When I was a kid, my parents insisted that I watch PBS, partly for my educational benefit, and partly to support my Uncle Richard, who worked at our local PBS station. I dutifully did, whenever I could sit still long enough to watch television: 3-2-1 Contact, The Electric Company, and Doctor Who (with Tom Baker!) were staples of my childhood. But none of them entranced me quite like Star Gazer with Jack Horkheimer.

Whenever I heard the first electric ’80s chords of Debussy’s Arabesque, I would come galloping out of my room and sit transfixed for the next five minutes, which was conveniently the length of the segment. Jack Horkheimer, who at the time was the director of the Miami Space Transit Planetarium, extolled the beauty of the night sky and all the wonders of the celestial world. Every segment ended with his enthusiastic advice to “Keep looking up!”

I never stopped looking up.

What we can see in the sky fascinates me. And out here in the country, the sky is much bigger and less polluted with light, which makes for more things to look at. On a clear night out here, you can easily see the Milky Way. We are far enough north that you can find the aurora, if it’s a strong display and you stay up late enough. With my telescope, I can spot stars and clusters that I never would have dreamt of being able to find anywhere on the west side of the state.

Photo courtesy Dennis Snipes, shared under CC 3.0 license.

Photo courtesy Dennis Snipes, shared under CC 3.0 license.

I don’t know what it is about the stars and planets and everything else in the sky that captivates me. It’s partly science, partly romance, partly art. But I love waking up and being able to see Venus like a beacon in the sky, bright enough that I don’t even need my glasses to see it. I loved watching the lunar eclipse in September, with the moon dark red and menacing just above the tree line. I love knowing that there’s no reason we wouldn’t be able to see a meteor shower, and all we have to do is walk outside. When we lived in the Seattle area, catching a meteor shower would have meant packing up the car and going for a two hour drive — if the cloud cover ever lifted.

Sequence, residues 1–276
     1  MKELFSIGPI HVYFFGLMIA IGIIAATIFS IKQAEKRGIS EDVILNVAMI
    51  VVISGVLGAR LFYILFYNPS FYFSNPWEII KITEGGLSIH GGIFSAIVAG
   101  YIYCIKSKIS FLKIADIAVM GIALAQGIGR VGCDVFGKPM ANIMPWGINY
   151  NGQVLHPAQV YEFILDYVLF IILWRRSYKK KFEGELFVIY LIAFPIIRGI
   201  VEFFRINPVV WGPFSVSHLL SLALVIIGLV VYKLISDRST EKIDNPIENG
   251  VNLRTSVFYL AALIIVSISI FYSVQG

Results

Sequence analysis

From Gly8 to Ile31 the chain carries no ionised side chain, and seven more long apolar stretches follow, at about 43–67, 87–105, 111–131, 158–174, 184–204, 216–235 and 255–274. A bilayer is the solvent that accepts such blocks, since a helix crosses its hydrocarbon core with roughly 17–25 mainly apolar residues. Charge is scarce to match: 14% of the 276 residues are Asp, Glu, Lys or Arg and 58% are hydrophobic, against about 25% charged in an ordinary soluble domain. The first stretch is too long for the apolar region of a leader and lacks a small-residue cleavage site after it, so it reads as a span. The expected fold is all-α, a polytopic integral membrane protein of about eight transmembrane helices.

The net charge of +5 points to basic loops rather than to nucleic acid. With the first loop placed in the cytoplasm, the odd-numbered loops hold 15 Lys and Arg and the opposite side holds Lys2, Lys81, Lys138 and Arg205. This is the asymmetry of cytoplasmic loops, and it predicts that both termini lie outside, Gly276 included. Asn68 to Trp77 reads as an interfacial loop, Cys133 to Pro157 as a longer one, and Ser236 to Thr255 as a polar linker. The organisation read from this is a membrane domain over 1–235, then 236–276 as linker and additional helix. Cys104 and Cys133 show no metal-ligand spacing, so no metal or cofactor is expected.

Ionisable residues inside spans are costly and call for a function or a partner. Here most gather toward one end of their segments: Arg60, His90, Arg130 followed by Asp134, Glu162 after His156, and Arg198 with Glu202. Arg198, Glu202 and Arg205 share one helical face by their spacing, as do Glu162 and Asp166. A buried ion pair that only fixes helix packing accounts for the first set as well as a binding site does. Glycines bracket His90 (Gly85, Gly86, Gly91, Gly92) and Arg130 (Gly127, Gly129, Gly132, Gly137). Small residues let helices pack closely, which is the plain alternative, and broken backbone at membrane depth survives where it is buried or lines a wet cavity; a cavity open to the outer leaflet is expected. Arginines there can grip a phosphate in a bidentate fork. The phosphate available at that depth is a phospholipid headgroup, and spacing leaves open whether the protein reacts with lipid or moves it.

I think people really miss out on something when they don’t go outside and look at the stars. The light from the stars that we see now is the light that that particular star gave off when our ancestors first raised their eyes to look at the heavens. There’s something magical in the bridge that the stars provide between generations. I look at the Big Dipper and I know that my great-great-great grandparents must have gazed at it, much the same way that my great-great-great grandchildren will someday.

So if you live someplace where you can see the stars at night, go out and stargaze. Take a friend with you. Bring some hot chocolate or spiced apple cider, go someplace dark, and remember … keep looking up!

Keep Looking Up!
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One thought on “Keep Looking Up!

  • October 29, 2015 at 1:52 pm

    Jack Horkheimer was a very special man who introduced so many to the stars and planets. I, like you enjoyed him and never realized that I was being taught at the same time. A great teacher teaches without you knowing because they make the subject matter so interesting. I have seen the two men who have taken his place, and I’m sorry but the chemistry just is not the same. I still watch though, out of habit, but also because I like learning new things still. A good memory, and you are right you used to almost “explode” out of your room to run and stand in front of the television. Although Uncle Richard is no longer with us, I am glad that your memory of this show includes him too.


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